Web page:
JOURNAL ARTICLE

Changes in balance and walking from stroke rehabilitation to the community: a follow-up observational study

Jannette M Blennerhassett, Wayne Dite, Emily R Ramage, Meagan E Richmond
Archives of Physical Medicine and Rehabilitation 2012, 93 (10): 1782-7
22522218

OBJECTIVES: To investigate (1) whether clinical test scores at discharge predict falls or limited community mobility after discharge from inpatient stroke rehabilitation; and (2) how walking and dynamic standing balance change after discharge.

DESIGN: Follow-up observational study between 6 and 36 months after discharge.

SETTING: Rehabilitation setting.

PARTICIPANTS: Community-dwelling stroke survivors (N=30) who could walk unassisted when discharged from inpatient rehabilitation.

INTERVENTIONS: Not applicable.

MAIN OUTCOME MEASURES: Six-minute walk test (6MWT), Four Square Step Test (FSST), Step Test (ST), Environmental Analysis of Mobility Questionnaire (EAMQ), Falls Efficacy Scale-International (FES-I), and self-reported falls.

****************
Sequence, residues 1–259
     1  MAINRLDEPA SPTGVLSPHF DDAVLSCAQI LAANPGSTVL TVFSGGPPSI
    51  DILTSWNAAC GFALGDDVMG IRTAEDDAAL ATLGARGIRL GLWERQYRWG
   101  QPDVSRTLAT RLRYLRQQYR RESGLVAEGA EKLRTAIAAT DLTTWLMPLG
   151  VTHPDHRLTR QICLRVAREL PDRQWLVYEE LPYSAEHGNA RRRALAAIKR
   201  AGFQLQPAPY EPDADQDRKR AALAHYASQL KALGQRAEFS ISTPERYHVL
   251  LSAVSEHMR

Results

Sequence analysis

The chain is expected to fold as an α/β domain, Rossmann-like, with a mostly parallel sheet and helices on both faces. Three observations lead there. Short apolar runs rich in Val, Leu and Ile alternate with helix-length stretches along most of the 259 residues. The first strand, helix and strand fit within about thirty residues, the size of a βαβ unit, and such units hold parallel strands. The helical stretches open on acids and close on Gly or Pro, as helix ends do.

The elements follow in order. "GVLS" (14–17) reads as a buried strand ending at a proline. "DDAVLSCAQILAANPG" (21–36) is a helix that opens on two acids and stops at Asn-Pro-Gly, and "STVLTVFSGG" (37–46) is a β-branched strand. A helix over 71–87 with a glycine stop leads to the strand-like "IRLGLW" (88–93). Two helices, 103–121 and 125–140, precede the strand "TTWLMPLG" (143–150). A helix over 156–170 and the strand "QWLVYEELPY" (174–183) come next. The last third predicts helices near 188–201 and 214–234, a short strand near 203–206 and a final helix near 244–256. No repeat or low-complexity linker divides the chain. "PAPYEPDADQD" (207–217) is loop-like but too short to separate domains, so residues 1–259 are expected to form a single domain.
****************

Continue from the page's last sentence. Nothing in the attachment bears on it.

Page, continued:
RESULTS: Follow-up occurred at a median of 14.5 months postdischarge. Significant improvements occurred between discharge and follow-up for the 6MWT (mean difference [MD]=110.1m; 95% confidence interval [CI], 70.8-149.4; P<.001), ST (MD=1.8 steps; 95% CI, 0.3-3.4; P=.03), and FSST (MD=4.3s; 95% CI, -10.3 to 1.6; P=.05). Despite this, 40% of participants reported falling. The group who fell had lower clinical test scores at discharge and follow-up than nonfallers. Specific cutoff scores for the clinical tests accurately classified falls history in 70% to 78% of participants. The cutoff scores were <250m for the 6MWT, <10 steps on the ST, and a failure or ≥15 seconds to complete the FSST. Participants performing under the cutoff scores reported lower levels of community mobility (EAMQ, P<.04). Concern about falling was only higher for those classified at risk by the FSST (FES-I, P=.008).

CONCLUSIONS: The FSST, ST, and 6MWT scores at discharge had good falls prediction. People classified at risk of falls avoided more tasks in their home and community than those not classified at risk.

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